On the Potential of Tomographic Methods when Applied to Compacted Crushed Rock Salt

Research paper by Lukas M. Keller, Michael Jobmann, Philipp Schuetz, Philippe Gasser

Indexed on: 05 Jul '14Published on: 05 Jul '14Published in: Transport in Porous Media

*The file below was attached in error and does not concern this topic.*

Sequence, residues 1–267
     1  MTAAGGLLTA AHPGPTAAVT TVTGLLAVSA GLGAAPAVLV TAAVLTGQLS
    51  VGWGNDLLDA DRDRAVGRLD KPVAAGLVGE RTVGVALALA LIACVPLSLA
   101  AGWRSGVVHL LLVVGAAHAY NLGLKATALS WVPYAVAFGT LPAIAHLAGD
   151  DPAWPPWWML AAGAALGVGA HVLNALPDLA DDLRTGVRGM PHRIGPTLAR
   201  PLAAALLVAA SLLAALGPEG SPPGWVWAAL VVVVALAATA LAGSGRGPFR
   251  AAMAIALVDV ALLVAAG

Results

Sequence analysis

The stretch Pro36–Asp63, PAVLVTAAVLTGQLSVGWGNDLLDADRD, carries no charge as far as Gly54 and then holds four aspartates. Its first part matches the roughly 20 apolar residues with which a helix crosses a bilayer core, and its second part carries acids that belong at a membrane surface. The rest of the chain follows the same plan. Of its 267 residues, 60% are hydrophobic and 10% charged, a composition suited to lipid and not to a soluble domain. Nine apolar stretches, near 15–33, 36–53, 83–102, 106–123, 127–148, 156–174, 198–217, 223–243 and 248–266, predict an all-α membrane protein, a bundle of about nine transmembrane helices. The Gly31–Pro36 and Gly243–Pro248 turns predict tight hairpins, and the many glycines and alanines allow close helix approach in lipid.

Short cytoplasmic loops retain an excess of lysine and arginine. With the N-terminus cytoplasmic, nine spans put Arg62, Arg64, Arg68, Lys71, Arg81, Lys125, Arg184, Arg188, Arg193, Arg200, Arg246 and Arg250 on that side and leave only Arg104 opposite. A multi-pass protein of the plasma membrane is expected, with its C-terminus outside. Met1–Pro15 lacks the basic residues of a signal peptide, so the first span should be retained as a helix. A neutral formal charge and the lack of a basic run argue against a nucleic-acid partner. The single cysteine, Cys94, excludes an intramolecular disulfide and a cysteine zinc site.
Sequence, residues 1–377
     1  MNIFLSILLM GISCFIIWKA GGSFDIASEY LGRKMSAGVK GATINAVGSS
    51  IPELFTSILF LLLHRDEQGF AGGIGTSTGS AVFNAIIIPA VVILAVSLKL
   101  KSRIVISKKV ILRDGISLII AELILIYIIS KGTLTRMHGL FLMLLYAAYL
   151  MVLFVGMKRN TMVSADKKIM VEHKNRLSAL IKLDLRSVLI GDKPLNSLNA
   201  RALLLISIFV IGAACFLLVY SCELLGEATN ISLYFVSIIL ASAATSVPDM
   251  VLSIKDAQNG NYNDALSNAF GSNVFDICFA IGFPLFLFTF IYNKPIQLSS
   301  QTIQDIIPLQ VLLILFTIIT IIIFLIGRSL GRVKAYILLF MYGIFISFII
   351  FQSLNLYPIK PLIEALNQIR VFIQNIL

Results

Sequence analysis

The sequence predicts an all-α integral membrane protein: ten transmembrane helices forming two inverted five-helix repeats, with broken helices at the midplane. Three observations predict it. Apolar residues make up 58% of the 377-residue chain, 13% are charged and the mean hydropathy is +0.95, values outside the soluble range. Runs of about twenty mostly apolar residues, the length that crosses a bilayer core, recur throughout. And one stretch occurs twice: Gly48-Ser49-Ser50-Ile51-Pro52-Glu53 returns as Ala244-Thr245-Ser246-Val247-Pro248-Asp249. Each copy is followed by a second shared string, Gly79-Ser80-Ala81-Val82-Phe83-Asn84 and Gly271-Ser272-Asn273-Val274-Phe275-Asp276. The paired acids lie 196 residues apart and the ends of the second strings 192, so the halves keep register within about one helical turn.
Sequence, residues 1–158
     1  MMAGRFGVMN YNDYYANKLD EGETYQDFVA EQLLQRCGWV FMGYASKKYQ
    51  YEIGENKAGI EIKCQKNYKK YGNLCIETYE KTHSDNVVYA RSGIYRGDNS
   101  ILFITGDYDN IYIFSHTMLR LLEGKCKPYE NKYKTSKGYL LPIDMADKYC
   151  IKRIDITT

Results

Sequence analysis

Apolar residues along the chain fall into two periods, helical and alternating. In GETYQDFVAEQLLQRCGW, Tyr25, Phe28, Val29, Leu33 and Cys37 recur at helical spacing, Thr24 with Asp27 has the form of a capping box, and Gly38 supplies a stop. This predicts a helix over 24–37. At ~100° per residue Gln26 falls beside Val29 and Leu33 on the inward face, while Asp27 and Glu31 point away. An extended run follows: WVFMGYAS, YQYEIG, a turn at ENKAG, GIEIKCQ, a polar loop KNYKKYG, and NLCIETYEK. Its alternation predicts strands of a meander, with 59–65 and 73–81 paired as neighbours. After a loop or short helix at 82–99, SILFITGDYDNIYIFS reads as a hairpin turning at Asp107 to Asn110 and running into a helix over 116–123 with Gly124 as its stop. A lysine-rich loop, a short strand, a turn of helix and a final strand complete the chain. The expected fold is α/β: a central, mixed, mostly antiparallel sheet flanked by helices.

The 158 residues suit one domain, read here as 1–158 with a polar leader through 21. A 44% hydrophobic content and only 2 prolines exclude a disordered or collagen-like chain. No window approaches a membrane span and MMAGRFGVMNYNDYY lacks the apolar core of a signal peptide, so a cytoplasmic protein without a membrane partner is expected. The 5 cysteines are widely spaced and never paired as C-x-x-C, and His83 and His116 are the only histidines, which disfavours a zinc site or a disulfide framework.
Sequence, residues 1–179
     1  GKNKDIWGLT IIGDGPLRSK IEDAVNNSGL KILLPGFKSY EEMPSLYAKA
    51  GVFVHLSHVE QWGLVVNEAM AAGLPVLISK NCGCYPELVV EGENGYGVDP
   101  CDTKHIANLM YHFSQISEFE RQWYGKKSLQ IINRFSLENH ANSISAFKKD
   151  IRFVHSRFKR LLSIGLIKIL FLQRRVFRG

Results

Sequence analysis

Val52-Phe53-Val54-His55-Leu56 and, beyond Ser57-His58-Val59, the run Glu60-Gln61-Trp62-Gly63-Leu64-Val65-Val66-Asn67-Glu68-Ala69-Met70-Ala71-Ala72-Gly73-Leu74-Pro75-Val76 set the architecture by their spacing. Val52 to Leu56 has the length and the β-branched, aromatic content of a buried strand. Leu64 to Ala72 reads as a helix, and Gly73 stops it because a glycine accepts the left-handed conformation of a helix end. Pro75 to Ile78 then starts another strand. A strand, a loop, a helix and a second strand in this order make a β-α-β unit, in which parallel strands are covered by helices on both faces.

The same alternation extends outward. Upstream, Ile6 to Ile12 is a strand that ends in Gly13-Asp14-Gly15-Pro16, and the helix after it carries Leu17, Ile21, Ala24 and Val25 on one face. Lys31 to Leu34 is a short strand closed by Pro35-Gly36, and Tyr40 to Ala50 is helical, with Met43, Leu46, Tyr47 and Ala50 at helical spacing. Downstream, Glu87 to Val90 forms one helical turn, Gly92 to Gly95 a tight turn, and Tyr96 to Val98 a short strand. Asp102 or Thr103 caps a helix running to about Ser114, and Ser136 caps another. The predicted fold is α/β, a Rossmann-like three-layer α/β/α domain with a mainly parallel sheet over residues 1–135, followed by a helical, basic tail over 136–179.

Compacted crushed rock salt is considered as potential backfill material in repositories for nuclear waste. To evaluate the sealing properties of this material knowledge concerning the nature of the pore space is of eminent interest. Here, the pore microstructures of crushed rock salt samples with different compaction states were investigated by X-ray (XCT) computed tomography and Focused Ion Beam nanotomography (FIB-nt). Based on these methods the pore microstructures were reconstructed and quantitatively analyzed with respect to porosity, connectivity and percolation properties. Regarding pores with radii \(> 4\,\upmu \hbox {m}\), porosity differs substantially in the two analyzed samples (\(\phi = 0.01\) and 0.10). The pore microstructures are considered isotropic in connectivity and percolation threshold. Using two finite-scaling schemes we found percolation thresholds with critical porosities \(\phi _{c} > 0.05\). Based on statistical considerations, the millimeter size samples that can be analyzed by XCT are large enough to provide a meaningful picture of the pore geometry related to macroporosity. The samples contain also a small fraction (i.e. \(< 0.01\)) of pores with radii \(< 1\,\upmu \hbox {m}\), which were resolved by FIB-nt. Often these pores can be found along grain boundaries. These pores are granular shaped and are not connected to each other. Typical samples size that can be analyzed by FIB-nt is on the order of tens of microns, which turned out to be too small to provide representative geometric information unless an effort is made that involves several FIB-nt realizations per sample.